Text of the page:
Small Scale Hydropower Taking Hold in Nepal

Small-scale hydropower is taking hold in Nepal feeding electricity into the national grid and helping rural electrification.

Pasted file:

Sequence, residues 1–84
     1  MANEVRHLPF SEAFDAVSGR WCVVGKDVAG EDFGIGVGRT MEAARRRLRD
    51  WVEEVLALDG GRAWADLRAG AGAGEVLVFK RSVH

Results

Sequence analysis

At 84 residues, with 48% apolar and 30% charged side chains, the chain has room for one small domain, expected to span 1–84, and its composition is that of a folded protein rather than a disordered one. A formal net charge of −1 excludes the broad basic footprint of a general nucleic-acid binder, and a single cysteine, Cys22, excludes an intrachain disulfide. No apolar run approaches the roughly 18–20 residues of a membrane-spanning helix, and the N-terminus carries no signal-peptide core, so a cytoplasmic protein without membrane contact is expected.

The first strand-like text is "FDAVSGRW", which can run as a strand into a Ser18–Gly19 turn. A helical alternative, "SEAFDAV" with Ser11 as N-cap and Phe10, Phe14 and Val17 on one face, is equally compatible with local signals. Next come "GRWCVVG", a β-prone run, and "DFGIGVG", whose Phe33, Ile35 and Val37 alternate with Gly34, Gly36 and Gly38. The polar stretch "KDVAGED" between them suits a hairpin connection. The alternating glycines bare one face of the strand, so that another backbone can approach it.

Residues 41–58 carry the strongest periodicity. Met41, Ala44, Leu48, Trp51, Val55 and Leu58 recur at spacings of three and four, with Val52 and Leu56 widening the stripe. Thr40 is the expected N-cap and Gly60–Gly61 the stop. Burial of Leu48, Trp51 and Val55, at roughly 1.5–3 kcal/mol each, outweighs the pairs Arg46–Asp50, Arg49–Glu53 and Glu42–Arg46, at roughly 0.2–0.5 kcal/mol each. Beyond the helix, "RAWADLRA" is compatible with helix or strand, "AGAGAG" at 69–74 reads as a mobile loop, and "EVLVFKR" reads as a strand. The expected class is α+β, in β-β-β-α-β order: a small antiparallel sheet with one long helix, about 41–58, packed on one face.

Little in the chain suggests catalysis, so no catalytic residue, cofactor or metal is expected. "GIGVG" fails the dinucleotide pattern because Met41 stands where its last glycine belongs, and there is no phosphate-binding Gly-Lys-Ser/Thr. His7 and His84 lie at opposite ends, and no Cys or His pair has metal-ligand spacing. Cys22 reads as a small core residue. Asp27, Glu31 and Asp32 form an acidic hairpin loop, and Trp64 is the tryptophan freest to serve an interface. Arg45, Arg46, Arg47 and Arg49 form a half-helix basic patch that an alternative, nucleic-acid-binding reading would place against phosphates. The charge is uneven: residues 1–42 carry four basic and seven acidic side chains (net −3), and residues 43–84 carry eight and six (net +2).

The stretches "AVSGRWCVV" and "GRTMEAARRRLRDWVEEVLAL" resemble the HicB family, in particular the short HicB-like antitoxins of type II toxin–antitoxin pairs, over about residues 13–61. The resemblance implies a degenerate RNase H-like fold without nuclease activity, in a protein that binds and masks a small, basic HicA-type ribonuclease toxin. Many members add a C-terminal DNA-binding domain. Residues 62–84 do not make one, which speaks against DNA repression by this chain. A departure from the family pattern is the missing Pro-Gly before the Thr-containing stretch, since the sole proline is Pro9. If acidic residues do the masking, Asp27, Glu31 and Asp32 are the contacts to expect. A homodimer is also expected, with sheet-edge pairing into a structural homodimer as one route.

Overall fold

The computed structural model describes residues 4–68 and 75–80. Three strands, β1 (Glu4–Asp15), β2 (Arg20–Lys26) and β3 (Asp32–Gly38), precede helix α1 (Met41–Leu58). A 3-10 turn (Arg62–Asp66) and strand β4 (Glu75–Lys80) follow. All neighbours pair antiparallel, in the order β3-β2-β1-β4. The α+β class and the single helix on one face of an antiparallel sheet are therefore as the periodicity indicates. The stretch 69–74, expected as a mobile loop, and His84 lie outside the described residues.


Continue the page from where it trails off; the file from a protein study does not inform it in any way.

LAMJUNG, Nepal 2002-02-27 [] In Lamjung District, on a snow-fed tributary of the Marsyangdi River, is an example of how the projects can work. Last month the Syange Project delivered the first unit of electricity to the national grid, the first kW of hydroelectricity supplied by a private producer since the 36 MW Bhote Kosi Project came on line last year. Electricity from the Bhote Kosi costs the government about twice what electricity from the Syange project during the wet season, though, and even though the price will increase by six percent annually for the next three years, it is still far more competitive. “The development of water resources by foreign parties, which inevitably had to be big enough to justify their costs, led to the price of energy being unaffordable for the Nepali population,” said Kumar Pandey of the Lamjung Electricity Development Company (LEDCO). “This is a new model of hydropower development in Nepal. This is the future.” Since 1994, when the LEDCO was established, the organization has been trying to see if the government’s policy to involve the private sector in energy production can actually happen. LEDCO helped set up the Syange Bidyut Company (SDC) along with other investors including local individuals, the Lamjung District Development Committee, local Village Development Committees and non-governmental groups. The Pokhara-based Macchhapuchhare Bank provided a seven-year loan for the project at 12.5 percent interest. Other shareholders in the SBC include individuals in Lamjung and Kathmandu and a finance cooperative. “This is a model, it involves the local people, they own it, they run it, and the whole country benefits,” Pandey said. To be sure, small hydropower is not the complete answer to Nepal’s energy development. Big projects come with economies of scale, and can give development a kick-start if efficiently managed and built. For domestic consumption, experts say, there is now an urgent need for a medium-size reservoir projects like the Andhi Khola in addition to small hydro, which can provide dry season power when production from run-of-the-river schemes falls below capacity. “Run-of-the-river schemes of snow-fed rivers, unlike the Kali Gandaki, should be promoted. But at the same time projects like Arun should be developed. It gives you firm energy, but does not have the environmental impact of many large projects,” said water expert Dr Binayak Bhadra. “Of course there have to be adequate mechanisms and checks and balances, and room for activists to oppose them if they feel the sociological and environmental impacts of the projects are unjustified.” With the Syange project, villagers will not only benefit from the power generated from their local stream, but also from revenue earned by selling power to the national grid. The Syange River has its source on the snowy slopes of the Lamjung Himal and descends through a series of spectacular waterfalls to the Marsyangdi. Water is transferred through a 120 meter penstock pipe to the powerhouse. The head gives Syange an installed capacity of 183 kW. It has become easier in recent years for the private sector to move into hydropower due to favorable government policies and financing. LEDCO will continue to develop water resources in Lamjung to promote rural electrification by operating a locally-based enterprise that links local natural resources with local investors through a profitable, professionally managed private enterprise, and will include the people of Lamjung in developing their district’s water resources.
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